County attorney candidates talk racial disparity

BY KAITLIN DEWULF | MAY 13, 2014 5:00 AM

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The two candidates running for county attorney in the upcoming primary election stressed the importance of addressing racial disparity in the Johnson County Jail.

A public forum allowed the candidates — Incumbent Janet Lyness and candidate John Zimmerman — to answer audience questions on Monday.

Both candidates agree that racial disparity in Iowa, and especially Johnson County, is a problem that needs to be a top priority.

In 2010, Iowa had the largest racial disparity in the country of arrests for marijuana possession, with blacks being more than eight times more likely to be arrested than whites, according an American Civil Liberties Union study. This study showed marijuana use among whites was at the same rate as that of blacks.

Zimmerman said no one ever searches him, a “middle-aged white guy,” when he gets stopped for speeding, but he contended that African Americans get searched often in Johnson County.

He said racial disparity contributes to an overflowing jail, which has been a prominent issue in the County. Zimmerman said three-quarters of the people in jail on any given day have not been convicted, only charged, and they simply can’t afford bail.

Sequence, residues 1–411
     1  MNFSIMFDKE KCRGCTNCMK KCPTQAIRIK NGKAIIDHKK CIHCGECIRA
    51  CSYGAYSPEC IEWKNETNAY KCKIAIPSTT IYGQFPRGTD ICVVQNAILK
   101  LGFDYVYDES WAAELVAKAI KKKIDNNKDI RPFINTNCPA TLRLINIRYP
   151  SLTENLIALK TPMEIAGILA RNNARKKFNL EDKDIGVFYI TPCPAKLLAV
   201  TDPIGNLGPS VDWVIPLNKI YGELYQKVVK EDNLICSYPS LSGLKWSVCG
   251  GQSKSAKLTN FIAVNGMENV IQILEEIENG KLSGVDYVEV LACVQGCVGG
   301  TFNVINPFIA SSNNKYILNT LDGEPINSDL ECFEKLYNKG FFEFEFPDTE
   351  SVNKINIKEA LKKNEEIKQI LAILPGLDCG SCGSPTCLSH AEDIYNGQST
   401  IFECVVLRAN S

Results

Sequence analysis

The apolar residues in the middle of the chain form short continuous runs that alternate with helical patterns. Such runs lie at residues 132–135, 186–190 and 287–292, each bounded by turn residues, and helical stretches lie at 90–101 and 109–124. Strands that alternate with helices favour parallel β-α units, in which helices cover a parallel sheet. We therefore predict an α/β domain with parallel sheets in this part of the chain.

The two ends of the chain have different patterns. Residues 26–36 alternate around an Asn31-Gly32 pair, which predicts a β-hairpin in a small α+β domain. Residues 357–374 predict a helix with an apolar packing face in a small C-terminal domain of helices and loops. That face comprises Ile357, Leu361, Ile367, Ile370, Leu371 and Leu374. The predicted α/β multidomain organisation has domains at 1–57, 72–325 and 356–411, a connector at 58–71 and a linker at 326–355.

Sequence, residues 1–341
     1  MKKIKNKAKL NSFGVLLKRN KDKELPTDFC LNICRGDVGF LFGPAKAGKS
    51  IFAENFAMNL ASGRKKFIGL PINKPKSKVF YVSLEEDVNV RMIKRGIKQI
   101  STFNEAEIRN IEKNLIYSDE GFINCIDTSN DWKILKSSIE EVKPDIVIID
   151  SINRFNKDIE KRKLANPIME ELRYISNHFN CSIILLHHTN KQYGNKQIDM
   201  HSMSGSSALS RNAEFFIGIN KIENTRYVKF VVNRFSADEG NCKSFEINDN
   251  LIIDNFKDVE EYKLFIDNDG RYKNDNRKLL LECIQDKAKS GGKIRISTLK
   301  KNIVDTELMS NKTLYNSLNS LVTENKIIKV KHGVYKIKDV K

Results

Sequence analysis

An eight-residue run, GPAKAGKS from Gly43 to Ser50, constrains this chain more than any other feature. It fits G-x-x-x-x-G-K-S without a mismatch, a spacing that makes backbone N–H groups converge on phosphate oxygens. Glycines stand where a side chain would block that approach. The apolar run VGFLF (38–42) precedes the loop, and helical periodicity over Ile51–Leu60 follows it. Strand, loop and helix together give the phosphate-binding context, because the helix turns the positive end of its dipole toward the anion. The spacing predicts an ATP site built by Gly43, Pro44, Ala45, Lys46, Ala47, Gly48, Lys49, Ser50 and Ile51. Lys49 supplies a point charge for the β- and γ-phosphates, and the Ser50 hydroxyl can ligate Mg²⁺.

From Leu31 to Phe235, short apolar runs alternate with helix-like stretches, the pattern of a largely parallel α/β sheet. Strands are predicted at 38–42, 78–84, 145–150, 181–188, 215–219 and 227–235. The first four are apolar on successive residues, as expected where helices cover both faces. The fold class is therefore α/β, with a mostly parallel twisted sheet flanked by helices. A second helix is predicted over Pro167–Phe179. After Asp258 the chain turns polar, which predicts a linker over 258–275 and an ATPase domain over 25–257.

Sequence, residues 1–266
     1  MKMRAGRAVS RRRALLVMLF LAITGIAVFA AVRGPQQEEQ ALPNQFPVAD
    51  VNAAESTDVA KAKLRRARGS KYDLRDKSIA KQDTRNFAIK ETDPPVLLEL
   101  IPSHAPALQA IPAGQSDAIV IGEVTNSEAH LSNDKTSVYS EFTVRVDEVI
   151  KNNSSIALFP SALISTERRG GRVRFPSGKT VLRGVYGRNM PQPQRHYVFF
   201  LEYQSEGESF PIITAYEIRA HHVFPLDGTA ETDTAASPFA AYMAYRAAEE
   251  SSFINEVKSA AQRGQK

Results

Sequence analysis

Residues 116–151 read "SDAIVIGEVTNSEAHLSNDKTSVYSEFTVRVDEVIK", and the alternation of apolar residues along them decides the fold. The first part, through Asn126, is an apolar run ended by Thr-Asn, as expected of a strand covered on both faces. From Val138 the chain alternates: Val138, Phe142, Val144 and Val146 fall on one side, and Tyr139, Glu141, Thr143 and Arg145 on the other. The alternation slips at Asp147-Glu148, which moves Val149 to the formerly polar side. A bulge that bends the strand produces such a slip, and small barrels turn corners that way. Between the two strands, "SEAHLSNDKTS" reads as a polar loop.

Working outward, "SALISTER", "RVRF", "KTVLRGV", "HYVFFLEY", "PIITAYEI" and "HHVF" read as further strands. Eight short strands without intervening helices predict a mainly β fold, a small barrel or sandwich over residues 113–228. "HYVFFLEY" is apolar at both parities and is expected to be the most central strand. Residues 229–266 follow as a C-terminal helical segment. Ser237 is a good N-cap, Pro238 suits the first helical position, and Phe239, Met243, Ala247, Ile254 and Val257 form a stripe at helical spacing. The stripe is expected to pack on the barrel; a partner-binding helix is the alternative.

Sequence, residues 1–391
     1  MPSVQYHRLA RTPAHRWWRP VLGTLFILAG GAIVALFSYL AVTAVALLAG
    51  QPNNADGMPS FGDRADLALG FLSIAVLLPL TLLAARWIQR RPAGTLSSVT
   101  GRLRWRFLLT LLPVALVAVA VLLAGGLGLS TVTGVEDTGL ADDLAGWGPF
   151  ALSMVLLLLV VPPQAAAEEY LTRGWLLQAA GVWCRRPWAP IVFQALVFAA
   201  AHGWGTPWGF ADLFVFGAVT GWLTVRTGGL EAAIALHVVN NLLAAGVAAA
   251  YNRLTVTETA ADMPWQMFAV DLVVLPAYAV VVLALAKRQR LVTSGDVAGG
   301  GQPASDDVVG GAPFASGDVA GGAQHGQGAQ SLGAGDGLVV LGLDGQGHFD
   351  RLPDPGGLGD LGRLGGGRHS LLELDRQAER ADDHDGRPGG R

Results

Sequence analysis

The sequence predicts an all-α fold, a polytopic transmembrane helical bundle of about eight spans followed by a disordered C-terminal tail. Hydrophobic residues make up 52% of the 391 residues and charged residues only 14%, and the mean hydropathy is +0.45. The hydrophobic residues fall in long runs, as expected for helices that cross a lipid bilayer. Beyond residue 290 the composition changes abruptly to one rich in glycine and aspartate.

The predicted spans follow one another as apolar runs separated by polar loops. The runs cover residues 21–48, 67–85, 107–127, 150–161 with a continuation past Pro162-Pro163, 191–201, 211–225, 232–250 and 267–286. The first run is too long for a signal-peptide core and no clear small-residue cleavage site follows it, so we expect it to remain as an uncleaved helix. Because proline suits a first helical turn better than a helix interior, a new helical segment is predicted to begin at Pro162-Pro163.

“If you are wealthy, or have family money, and are charged even with a serious crime, you can bond out,” Zimmerman said. “Whereas if you’re poor, you sit in jail before trial.”

He said this distorts the justice system, disrupts peoples’ lives, and makes it hard to maintain jobs and relationships with family members. Zimmerman’s opponent agreed.

“There’s not a simple solution,” Lyness said. “And racial disparity is not just happening in Johnson County.”

Lyness said her staff is looking at disparity in juvenile cases and delinquency problems. She said she decided to start with the juvenile cases, look at what her office is doing there and make a difference, and then use what they learn to apply to the adult system.

After the release of the ACLU study, Lyness said, it led to the establishment of the marijuana diversion program.

This program seeks to keep people out of jail and wipe their records clean, while getting some the treatment and education they may need.

“Because of my diversion programs, we’ve decreased the population of the jail from 164 per day down to 127,” Lyness said.

Larry Kudej, the head of the Johnson County Task Force on Aging, said these public forums have a significant effect on voters through educating them on the issues and candidates they’ll vote for.

“These primaries are an opportunity for people to speak,” Kudej said. “And without proper education, they can’t vote very well.”

Lyness said this public forum was a great way for the public to realize what it means to be a county attorney.

“This sort of event is very important to our democracy,” Zimmerman said. “And the county attorney represents the people.”

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